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What grants are available for vertical farming?

You've probably heard of grants, but it's important to understand what a grant is.

A grant is a fund given by a person or organization for a specific purpose linked to public benefit. Grants are usually offered by a public body, a charitable foundation, a specialized grant-making institution, or, in some cases, a business with a corporate social responsibility.

In other words, it is "free money" you can use to start or expand a project that benefits society.

Do you pay back grants in Canada?
Grant money is "free" because instead of paying the donation back monetarily, you pay it back by creating impact (number of jobs created, number of heads of produce grown, etc.)

It's important to note that while a grant is money you don't have to pay back - it doesn't mean there are no strings attached. Sometimes, if the grant is not used for what it was intended for or if you receive more funding than you were eligible for, there are consequences.

Grants can help accelerate innovation in fields like food and agriculture.

Why is grant funding offered?
The world is a big place with some big problems to solve. In Canada, grant funding is often offered through the government (at federal, provincial, and local levels too).

It can be difficult for the government to solve every issue facing Canadians and even know how to solve the problem. So, instead, the government takes taxpayer dollars and gives them to local individuals, organizations, and businesses looking to make a difference. In a way, grants help the government delegate to those people closer to the problem and the expertise needed to find a solution.

However, grant funding doesn't only need to be used to solve problems, it can also be used to accelerate innovation. It is risky to try something new. A grant helps the industry take risks by lowering the costs associated with the innovation.

For example, the Homegrown Innovation Challenge pledged $33 million to big ideas that will extend the growing season of berries in Canada. The grant was awarded to universities with industry partnerships to test out various approaches.

Who offers grants?
There are multiple places that offer grants for a variety of purposes, such as employment grants or student university grants. We will focus on what grants someone in the Growcer network might be interested in.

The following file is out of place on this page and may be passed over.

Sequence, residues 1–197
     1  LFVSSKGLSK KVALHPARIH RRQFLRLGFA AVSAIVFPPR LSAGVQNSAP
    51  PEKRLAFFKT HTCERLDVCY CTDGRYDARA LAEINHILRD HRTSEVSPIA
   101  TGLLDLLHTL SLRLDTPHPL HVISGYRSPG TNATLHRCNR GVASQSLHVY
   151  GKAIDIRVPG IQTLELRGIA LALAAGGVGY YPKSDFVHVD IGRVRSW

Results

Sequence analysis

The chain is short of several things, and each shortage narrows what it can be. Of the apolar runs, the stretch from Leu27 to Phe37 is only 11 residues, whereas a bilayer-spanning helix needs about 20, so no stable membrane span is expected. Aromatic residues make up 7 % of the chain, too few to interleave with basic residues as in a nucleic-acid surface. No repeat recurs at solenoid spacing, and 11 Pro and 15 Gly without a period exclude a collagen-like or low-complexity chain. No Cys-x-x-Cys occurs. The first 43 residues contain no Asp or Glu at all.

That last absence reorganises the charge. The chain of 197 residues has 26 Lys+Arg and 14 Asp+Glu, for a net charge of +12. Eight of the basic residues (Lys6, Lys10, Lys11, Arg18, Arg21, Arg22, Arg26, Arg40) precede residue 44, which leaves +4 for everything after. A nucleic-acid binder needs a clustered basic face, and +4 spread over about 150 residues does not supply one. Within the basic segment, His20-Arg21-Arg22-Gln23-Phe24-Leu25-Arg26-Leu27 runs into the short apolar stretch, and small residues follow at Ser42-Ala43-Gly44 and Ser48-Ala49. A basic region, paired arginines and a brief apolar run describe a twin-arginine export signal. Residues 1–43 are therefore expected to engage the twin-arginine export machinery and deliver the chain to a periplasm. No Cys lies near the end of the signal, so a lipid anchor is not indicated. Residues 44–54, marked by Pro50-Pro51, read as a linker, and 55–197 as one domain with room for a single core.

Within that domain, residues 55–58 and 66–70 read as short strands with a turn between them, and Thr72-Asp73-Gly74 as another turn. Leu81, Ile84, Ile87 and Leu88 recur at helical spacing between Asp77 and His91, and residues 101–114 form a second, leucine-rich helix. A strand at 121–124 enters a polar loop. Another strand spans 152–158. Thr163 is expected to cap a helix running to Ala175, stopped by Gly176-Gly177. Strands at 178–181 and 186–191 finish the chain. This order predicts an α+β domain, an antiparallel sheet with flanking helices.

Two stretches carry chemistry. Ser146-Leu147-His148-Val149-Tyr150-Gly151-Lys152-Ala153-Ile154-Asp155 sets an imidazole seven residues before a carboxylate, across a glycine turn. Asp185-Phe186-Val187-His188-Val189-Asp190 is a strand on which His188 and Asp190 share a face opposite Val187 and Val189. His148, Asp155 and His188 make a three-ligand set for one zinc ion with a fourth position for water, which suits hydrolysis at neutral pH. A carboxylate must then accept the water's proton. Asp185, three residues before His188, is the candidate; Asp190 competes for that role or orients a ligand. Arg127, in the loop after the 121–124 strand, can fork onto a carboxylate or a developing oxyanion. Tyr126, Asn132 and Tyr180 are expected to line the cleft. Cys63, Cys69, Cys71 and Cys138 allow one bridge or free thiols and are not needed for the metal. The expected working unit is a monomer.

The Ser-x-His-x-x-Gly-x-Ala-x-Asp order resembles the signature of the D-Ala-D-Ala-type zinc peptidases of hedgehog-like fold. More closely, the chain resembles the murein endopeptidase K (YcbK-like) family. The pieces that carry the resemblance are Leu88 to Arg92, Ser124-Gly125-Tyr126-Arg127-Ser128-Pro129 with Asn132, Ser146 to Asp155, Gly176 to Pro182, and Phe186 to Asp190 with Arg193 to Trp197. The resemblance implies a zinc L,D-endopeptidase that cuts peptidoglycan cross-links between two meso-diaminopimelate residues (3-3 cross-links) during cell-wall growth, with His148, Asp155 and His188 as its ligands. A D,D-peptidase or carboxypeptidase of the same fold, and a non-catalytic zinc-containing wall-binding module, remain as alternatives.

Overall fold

• Federal grants

    • Agriculture and Agri-Food Canada (AAFC)

    • Employment and Social Development Canada (ESDC)

    • Indigenous Services Canada

  • Provincial/territorial governments

    • Sustainable Canadian Agriculture Partnership

    • Provincial arms of the Ministry of Agriculture (Alberta Agriculture, OMAFRA, etc.)

  • Indigenous organizations

    • New Relationship Trust

  • Industry organizations

    • RDAR (Alberta)

    • Investment Agriculture Fund (B.C.)

    • Bioenterprise (Ontario)

    • Food Matters Manitoba (Manitoba)

  • Foundations

    • Weston Foundation (Homegrown Innovation Challenge)

Grants come in all shapes and sizes. There are agriculture grants for new innovative ideas to grow food and training employment grants to open up opportunities for employment where jobs may be limited.

Grants are also structured in different ways. For example,

  • Grants may require matching funds, meaning they will grant you the money if you agree to fund a percentage of the project yourself. Willing to put part of the money down yourself shows that you are committed to the idea and willing to take on some risk.

  • Grants may limit what the funding can be used for. For example, the funds must be used for "capital costs," which usually include equipment and supplies.

  • Grant entitlements may change depending on whether you're a non-profit or for-profit applicant. For example, for-profit companies may have a higher threshold for matching funds (i.e., your company will need to pay for 40% of the total project costs if you're a for-profit company and only 20% if you're a non-profit).

Example: Government of Alberta's Emerging Opportunities Program
Govt of Alberta – Emerging Opportunities Program
Amount: The maximum grant funding provided by this program is $1,000,000 per fiscal year for a project with a maximum of $2,000,000. Costs are shared at 25% for approved capital expenses and 50% for approved non-capital expenses.

Deadline: Continuous intake, but you must be invited to submit an application.

The Emerging Opportunities Grant Program supports the Government of Alberta's strategic objectives related to the growth and development of Alberta's value-added agriculture sector. The program supports projects that focus on innovation and result in significant company growth and sector impact.

How do I apply for grant funding?
Grant applications can vary widely. Every organization will have a different way they want their grants submitted. Some applications are a fillable Word document/PDF template where you fill in your answers and include an accompanying budget, and others are completed through an online portal.

Normally, grant applications will also ask you for letters of support, Band Council resolutions, business plans, and other supporting documents.

Pay attention to intake rounds (if a grant opens up for applications during specific times), deadlines, and follow-up requirements.

The application process can be long and arduous, which is why it's important to understand eligibility criteria and entitlements early on so you do not waste your time applying for a grant you cannot receive.

For more information:
The Growcer
[email protected]

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